Let’s cook some soup today. Fennel one. With some Indian spices to make it look Ayurvedic.
What is fennel anyway?
Fennel (Foeniculum vulgare) is a flowering plant species in the carrot family. It is a hardy, perennial herb with yellow flowers and feathery leaves. It is indigenous to the shores of the Mediterranean but has become widely naturalized in many parts of the world, especially on dry soils near the sea-coast and on riverbanks.
It is a highly flavorful herb used in cooking and, along with the similar-tasting anise, is one of the primary ingredients of absinthe. Florence fennel or finocchio (UK: /fɪˈnɒkioʊ/, US: /-ˈnoʊk-/, Italian: [fiˈnɔkkjo]) is a selection with a swollen, bulb-like stem base that is used as a vegetable.
Many cultures in India, Afghanistan, Iran, and the Middle East use fennel fruits in cooking. In Iraq, fennel seeds are used as an ingredient in nigella-flavored breads. It is one of the most important spices in Kashmiri cuisine and Gujarati cooking. In Indian cuisine, whole fennel seeds and fennel powder are used as a spice in various sweet and savory dishes. It is an essential ingredient of the Assamese/Bengali/Oriya spice mixture panch phoron and in Chinese five-spice powders. In many parts of India, roasted fennel fruits are consumed as mukhwas, an after-meal digestive and breath freshener (saunf), or candied as comfit. Fennel seeds are also often used as an ingredient in paan, a breath freshener most popularly consumed in India.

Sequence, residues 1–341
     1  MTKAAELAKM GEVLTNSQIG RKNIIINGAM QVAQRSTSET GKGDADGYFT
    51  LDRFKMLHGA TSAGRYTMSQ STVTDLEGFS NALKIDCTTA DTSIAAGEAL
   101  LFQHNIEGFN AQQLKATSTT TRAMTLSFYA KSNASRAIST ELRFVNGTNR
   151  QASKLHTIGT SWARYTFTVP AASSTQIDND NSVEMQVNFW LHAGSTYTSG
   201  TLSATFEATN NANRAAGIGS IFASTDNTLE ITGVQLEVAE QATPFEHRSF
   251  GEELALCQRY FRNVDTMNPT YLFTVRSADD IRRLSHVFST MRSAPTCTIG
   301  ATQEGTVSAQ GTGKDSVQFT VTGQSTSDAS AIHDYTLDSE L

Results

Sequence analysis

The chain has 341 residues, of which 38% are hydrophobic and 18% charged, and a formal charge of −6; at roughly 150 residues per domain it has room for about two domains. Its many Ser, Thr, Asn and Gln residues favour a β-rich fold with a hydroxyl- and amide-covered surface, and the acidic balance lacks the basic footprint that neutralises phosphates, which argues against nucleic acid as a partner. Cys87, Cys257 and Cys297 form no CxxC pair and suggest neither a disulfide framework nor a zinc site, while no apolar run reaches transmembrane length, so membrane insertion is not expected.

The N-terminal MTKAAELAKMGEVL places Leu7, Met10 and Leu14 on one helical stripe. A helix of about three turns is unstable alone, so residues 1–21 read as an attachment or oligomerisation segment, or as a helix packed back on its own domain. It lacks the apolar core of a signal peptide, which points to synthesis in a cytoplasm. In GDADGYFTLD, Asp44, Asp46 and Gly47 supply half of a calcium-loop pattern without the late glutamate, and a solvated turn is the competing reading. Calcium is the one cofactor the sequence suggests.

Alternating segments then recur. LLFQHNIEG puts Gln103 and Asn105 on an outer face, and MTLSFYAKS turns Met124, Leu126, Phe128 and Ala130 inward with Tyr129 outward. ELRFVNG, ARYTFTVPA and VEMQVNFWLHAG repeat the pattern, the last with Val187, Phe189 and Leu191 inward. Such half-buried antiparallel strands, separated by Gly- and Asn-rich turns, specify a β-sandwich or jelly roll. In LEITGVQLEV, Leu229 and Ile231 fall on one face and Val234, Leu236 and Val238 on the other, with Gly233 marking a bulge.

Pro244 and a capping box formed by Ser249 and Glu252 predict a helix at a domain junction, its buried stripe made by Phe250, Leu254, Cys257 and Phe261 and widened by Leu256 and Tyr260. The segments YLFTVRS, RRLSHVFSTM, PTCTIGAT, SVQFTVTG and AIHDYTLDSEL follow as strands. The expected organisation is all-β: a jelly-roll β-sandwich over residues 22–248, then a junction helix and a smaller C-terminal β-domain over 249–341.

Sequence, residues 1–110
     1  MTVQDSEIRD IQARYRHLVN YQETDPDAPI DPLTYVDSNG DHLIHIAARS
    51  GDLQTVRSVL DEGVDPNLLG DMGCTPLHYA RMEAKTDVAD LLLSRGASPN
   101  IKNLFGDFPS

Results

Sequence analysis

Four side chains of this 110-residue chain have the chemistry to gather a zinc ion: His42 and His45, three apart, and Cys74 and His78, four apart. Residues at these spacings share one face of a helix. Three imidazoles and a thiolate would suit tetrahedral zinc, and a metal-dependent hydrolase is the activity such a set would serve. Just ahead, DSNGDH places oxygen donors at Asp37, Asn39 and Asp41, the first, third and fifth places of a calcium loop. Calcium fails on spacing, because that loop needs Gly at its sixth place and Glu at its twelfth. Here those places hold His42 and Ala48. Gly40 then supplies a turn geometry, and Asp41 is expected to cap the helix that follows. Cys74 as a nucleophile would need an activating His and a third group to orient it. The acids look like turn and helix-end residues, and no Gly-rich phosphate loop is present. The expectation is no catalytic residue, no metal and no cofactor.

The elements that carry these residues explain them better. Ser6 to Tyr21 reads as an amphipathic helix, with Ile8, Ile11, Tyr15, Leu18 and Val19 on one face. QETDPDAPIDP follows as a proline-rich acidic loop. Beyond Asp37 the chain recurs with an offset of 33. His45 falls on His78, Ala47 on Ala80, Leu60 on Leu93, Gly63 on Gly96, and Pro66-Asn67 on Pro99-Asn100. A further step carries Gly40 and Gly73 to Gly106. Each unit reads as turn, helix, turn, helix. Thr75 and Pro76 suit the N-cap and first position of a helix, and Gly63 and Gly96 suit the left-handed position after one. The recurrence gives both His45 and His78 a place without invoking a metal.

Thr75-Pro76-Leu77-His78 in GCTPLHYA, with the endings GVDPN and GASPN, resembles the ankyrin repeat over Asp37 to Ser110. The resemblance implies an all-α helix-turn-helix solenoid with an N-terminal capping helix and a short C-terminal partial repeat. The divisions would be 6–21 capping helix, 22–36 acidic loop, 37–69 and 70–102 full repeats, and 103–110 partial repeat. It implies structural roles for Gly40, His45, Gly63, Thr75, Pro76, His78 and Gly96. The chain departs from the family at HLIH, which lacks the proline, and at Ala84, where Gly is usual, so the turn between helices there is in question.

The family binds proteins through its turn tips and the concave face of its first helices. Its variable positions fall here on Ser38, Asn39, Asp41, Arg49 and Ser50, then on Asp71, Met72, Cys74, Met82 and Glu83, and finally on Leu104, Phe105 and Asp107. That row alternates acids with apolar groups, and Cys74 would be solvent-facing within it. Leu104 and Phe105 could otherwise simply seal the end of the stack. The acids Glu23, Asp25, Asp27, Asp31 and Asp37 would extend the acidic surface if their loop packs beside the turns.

The Greek name for fennel is marathon (μάραθον) or marathos (μάραθος), and the place of the famous battle of Marathon literally means a plain with fennel. The word is first attested in Mycenaean Linear B form as ma-ra-tu-wo. In Hesiod’s Theogony, Prometheus steals the ember of fire from the gods in a hollow fennel stalk.
As Old English finule, fennel is one of the nine plants invoked in the pagan Anglo-Saxon Nine Herbs Charm, recorded in the 10th century.
Fennel was already known to ancient Egyptian, Greek and Roman healers. In the form of a cultivated plant, fennel was spread across Europe by the Romans, and the original homeland of fennel is the southern parts of Europe and southwest Asia. Legend has it that in their historic Battle of Marathon, the Greeks and Persians fought in a field where fennel grew in the middle. According to Greek mythology, fennel was said to be a very popular plant of the ancient Greek god of wine and good drink, Dionysus. The Greek gods are said to have imparted their knowledge to humans through a hollow fennel stem.
Fennel came into Old English from Old French fenoil which in turn came from Latin faeniculum, a diminutive of faenum, meaning “hay”.
And now for the soup.
We need fennel tuber, potato, onion, garlic. Spices: fennel seed, cumin seed, cinnamon, black pepper, bay leaf, pinch of nutmeg, salt. A little more garam masala if you have it. For lovers of hot dishes, you can also add a pinch of chili.
Cut the fennel and potatoes into small pieces. Chop the onion. Fry all this for 5 minutes in butter or ghee. Then add enough boiling water to cover all the ingredients. Then we add the spices, which I wrap in a canvas bag so that I can take them out at the end. Process all ingredients with a hand mixer. Let the soup stand for another 5 minutes so that the ingredients combine and the fennel soup is ready.
When serving, add a spoonful of heavy cream and a few green fennel tops for decoration.
And that’s it, very simple.
And last but not least, let your imagination run free.